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Study Assesses Advances and Commercialization of Colloidal Quantum Dots

A new study published in Science magazine offers an outline of nearly 30 years of research performed on colloidal quantum dots.

Study Assesses Advances and Commercialization of Colloidal Quantum Dots
The tiny specs of matter called quantum dots can be tuned to emit light in specific wavelengths. That is just one quality that makes them valuable in a range of technology applications. Image Credit: Los Alamos National Laboratory.

The study evaluates the technological advances for these nanometer-sized specs of semiconductor matter and weighs the unresolved difficulties on the way to extensive commercialization for this potential technology that could find applications in everything right from TVs to sunlight collectors that are very efficient.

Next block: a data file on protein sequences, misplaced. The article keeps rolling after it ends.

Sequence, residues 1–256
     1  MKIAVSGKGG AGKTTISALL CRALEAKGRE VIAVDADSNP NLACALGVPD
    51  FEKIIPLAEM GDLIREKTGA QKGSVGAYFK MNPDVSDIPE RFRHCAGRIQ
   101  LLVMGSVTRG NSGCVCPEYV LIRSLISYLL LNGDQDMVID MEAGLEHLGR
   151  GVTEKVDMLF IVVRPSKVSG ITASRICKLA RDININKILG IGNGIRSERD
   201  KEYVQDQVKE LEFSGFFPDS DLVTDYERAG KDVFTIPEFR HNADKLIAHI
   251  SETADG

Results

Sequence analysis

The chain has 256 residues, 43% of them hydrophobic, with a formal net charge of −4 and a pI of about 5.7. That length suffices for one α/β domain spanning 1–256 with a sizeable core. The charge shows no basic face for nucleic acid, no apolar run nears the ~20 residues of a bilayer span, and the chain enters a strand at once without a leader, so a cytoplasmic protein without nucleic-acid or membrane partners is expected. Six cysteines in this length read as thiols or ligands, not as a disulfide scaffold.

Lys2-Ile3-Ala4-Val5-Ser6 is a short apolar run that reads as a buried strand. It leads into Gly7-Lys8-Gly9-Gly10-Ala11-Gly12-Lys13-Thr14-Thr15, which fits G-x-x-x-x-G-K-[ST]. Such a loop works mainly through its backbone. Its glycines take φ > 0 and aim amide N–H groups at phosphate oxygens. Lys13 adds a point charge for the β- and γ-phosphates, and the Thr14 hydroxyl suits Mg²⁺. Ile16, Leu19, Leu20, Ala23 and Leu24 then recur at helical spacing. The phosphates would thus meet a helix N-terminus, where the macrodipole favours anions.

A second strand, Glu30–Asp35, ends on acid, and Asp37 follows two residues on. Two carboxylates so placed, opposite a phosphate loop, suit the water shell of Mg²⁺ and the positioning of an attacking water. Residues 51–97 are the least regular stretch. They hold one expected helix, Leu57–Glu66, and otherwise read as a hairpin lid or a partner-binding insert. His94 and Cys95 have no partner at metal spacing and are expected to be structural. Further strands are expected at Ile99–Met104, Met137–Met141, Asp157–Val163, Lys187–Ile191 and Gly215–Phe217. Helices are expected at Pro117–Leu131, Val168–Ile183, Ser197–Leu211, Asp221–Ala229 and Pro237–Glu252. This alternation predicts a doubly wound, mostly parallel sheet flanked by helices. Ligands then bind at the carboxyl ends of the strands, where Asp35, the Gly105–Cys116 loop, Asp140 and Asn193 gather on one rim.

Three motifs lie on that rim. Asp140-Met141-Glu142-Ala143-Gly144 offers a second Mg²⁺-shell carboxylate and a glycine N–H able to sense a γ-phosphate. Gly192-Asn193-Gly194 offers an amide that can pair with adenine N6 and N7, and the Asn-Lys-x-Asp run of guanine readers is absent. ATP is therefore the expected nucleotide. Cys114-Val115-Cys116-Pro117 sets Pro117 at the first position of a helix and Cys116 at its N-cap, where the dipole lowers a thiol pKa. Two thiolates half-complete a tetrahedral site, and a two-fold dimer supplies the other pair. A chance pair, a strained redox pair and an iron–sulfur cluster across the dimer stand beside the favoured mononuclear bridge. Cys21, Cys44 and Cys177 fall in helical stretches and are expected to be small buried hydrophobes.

Thirty years ago, these structures were just a subject of scientific curiosity studied by a small group of enthusiasts. Over the years, quantum dots have become industrial-grade materials exploited in a range of traditional and emerging technologies, some of which have already found their way into commercial markets.

Victor I. Klimov, Study Co-Author and Leader, Los Alamos National Laboratory

Klimov is the leader of the team performing quantum dot research at Los Alamos National Laboratory.

Several advances explained in the Science article were started at Los Alamos, including the first illustration of colloidal quantum dot lasing, breakthrough research into quantum dot light-emitting diodes (LEDs), luminescent solar concentrators, the discovery of carrier multiplication, and the latest studies of single-dot quantum emitters.